By Sobhi Ghandour
November 9, 2014
Islam has once again taken centre stage in the western media, with headlines dominated by terrorist attacks carried out by Muslims. However, acts of terrorism committed by non-Muslims are just seen as violent crimes by individuals.
The concept of “Islam and the West” in modern history was promoted by westerners themselves, as those who propagate this theory cannot label it as one religion versus another religion because most of them are secularised, and overlook religion’s role in the development and evolution of a society.
Consequently, the secular western communities opt to use the term “the West” against Islam, to identify a host of systems that depict their societies. They first refer to the free market as their economic model, and to the secular democratic system that forms the political set up in their countries.
The use of the term the “West” is also meant to indicate a geographic location, which was for a long time a symbol of the Cold War against the “Communist Camp”. It is also meant to refer to the security pact in the form of the NATO alliance.
More important is that the term “West” refers to a geographical and political bloc that has its own cultural concepts and wants these concepts to be extended to the rest of the world.
The implication of the term also reflects a religious heritage, which is a blend of Christianity and Judaism — what is known as the “Judeo-Christian civilization”. Of course, the term “West” should not be replaced by “Christianity”, because that is taboo!
The Islamic world’s problem is not with Christians in the West, simply because the Christian world itself suffered from the bloody struggles that resulted from a conflict of interest between the rulers of western countries. For instance, Western Europe in the 20th century saw several wars — the kind that had never been seen in the world before — between Christian European countries, which share borders, and the same religion and civilisation.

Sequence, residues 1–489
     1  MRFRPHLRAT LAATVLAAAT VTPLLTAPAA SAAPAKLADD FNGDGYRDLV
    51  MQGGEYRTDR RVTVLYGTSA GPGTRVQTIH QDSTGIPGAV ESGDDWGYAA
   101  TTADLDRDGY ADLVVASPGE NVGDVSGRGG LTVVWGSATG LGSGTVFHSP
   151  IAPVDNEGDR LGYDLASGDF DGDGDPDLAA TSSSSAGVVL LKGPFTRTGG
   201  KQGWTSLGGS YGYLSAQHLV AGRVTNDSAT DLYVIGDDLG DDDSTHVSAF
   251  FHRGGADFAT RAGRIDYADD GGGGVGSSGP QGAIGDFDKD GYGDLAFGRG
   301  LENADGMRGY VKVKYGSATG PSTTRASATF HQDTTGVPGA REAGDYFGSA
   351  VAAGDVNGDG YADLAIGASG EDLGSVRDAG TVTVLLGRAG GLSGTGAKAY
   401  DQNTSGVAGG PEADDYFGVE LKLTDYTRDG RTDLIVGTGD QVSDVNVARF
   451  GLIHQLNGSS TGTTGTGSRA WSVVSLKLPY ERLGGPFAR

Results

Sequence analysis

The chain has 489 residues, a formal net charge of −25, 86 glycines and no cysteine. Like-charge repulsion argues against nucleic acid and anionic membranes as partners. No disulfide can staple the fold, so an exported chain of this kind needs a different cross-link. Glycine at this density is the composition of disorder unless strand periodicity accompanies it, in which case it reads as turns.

Those who promote the idea of conflict between Islam and the West seek to pit the entire West in a war against Islam as a geographic location, and the Arab world lies at the centre of this location.
However, there are forces and groups in the West that seek convergence with the Arabs and Muslims. But, there are other groups that harbour a strong hostility against those westerners who seek rapprochement with Arab and Muslim countries.
In fact, there is a struggle within the West itself, and there are also internal wars within the Islamic world. This means there is no such thing as the western and Islamic fronts; there are diverse blocs and forces fighting each other within both these worlds.
In general, the distorted image of Arabs and Muslims in the West has passed through three phases, the first of which is the stage that came before the collapse of the “Communist Camp”. At that time, the focus was on the Arabs specifically, as a national and cultural identity, without addressing the religious dimension. During this phase, stereotypes in western media, books and movies, depicted Arabs as ignorant and rakish people who still lived in the desert and rode camels, although they had oil wealth. Arabs were largely recognised in the West as “primitive” and “ignorant”. At this stage, the western media refrained from negative campaigns against Islam and Muslims because the issue of Islam as a religion was used and exploited in the face of the “Communist Camp”, as was clearly seen in Afghanistan. This was also used to instigate Muslim republics in Asia against the communist regime in Moscow.
During the second phase, which began in the early 1990s, the western media continued to distort the national and cultural Arab identity. And this was coupled with a campaign against the Muslim identity. The western media expanded its defamation campaigns to include the entire Muslim world as a source of danger and as the West’s “new enemy” after the fall of the “Communist Camp”.